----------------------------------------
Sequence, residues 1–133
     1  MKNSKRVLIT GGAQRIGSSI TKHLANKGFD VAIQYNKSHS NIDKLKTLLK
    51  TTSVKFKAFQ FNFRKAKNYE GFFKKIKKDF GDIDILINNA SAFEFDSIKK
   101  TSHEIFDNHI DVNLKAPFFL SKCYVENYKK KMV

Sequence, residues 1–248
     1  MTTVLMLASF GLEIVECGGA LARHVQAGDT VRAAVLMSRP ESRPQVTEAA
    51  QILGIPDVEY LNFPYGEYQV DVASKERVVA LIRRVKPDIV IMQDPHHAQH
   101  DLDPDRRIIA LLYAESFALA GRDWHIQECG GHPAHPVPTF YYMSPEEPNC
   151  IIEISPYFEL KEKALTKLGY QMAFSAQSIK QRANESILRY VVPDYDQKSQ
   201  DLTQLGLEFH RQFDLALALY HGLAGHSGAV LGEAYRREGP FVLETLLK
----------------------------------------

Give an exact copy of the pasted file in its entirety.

Sequence, residues 1–133
     1  MKNSKRVLIT GGAQRIGSSI TKHLANKGFD VAIQYNKSHS NIDKLKTLLK
    51  TTSVKFKAFQ FNFRKAKNYE GFFKKIKKDF GDIDILINNA SAFEFDSIKK
   101  TSHEIFDNHI DVNLKAPFFL SKCYVENYKK KMV

Sequence, residues 1–248
     1  MTTVLMLASF GLEIVECGGA LARHVQAGDT VRAAVLMSRP ESRPQVTEAA
    51  QILGIPDVEY LNFPYGEYQV DVASKERVVA LIRRVKPDIV IMQDPHHAQH
   101  DLDPDRRIIA LLYAESFALA GRDWHIQECG GHPAHPVPTF YYMSPEEPNC
   151  IIEISPYFEL KEKALTKLGY QMAFSAQSIK QRANESILRY VVPDYDQKSQ
   201  DLTQLGLEFH RQFDLALALY HGLAGHSGAV LGEAYRREGP FVLETLLK